[Archers in an Anglo-Saxon manuscript:
Ishmael as a skillful hunter, in Ælfric’s Hexateuch
Esau Sent Hunting, in Ælfric’s Hexateuch
and an Anglo-Saxon Archer on the 'Bayeux Tapestry']
115. ANGLO-SAXON ARCHER
Although the bow is often mentioned in their poetry as a weapon of war it never seems to have been widely adopted by the Saxons or, if it was, it would seem to have been singularly ineffective. One version of the Anglo-Saxon Chronicle even insists that the bow was 'held of little account against an armed man', while Henry of Huntingdon records William the Conqueror describing the Saxons as a people who 'knew not the use of the bow.'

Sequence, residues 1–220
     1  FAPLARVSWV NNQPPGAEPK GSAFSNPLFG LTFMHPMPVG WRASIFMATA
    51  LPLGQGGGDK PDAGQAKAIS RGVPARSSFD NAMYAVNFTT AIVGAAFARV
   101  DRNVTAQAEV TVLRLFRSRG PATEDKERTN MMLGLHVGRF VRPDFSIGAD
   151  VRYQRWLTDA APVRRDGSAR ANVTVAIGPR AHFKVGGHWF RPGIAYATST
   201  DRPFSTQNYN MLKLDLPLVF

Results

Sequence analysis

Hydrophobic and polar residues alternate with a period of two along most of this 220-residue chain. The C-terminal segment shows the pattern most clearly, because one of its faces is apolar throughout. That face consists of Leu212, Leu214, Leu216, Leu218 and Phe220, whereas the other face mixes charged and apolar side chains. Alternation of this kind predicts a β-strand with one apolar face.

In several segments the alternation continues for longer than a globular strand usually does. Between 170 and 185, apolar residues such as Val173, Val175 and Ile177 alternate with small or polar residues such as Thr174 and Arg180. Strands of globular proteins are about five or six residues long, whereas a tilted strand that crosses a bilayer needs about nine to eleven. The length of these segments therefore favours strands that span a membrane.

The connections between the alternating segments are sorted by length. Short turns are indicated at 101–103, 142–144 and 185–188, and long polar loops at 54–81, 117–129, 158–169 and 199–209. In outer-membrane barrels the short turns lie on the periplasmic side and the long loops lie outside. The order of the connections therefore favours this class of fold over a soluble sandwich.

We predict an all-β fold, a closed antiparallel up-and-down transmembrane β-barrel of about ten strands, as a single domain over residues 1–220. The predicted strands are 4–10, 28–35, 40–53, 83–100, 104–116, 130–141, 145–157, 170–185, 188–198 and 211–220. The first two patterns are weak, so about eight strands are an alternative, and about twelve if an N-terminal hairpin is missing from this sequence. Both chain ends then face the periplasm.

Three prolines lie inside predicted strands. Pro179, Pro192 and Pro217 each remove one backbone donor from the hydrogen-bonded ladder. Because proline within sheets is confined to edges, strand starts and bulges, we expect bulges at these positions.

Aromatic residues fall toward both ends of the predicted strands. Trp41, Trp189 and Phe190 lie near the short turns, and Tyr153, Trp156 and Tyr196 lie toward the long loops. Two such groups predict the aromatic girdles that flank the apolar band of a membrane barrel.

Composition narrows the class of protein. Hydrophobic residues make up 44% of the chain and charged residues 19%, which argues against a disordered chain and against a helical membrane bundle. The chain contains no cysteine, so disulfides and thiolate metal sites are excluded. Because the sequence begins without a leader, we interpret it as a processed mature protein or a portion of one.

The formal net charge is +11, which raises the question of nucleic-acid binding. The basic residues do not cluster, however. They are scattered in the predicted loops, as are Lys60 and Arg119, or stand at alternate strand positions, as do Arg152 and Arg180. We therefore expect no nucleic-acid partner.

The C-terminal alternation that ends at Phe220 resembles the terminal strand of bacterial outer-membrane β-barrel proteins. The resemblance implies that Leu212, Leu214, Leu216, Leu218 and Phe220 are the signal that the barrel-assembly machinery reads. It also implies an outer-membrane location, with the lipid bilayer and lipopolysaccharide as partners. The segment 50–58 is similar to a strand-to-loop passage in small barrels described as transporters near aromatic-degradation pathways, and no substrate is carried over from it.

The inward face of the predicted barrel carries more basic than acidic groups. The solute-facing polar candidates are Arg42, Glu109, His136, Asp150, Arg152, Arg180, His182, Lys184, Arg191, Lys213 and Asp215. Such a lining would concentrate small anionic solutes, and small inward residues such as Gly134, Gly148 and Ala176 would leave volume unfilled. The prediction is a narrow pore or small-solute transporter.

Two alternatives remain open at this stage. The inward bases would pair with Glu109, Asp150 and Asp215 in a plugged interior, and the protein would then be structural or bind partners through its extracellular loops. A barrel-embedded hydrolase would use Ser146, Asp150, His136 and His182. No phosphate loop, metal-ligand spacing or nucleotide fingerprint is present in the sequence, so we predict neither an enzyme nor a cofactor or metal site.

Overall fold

However Roger Ascham, the 16th century toxopholite, records a story told to him by Sir Thomas Elyot that when the Saxons had first entered England as mercenaries of Vortigern they had been bow-armed, and the weapon was apparently new to Britain. Elyot is said to have found this story in an ancient chronicle.
The bow averaged between 4 and 5 feet in length and many were of yew. The quiver was usually suspended at the right hip from a strap across the left shoulder but could sometimes be found slung at the back.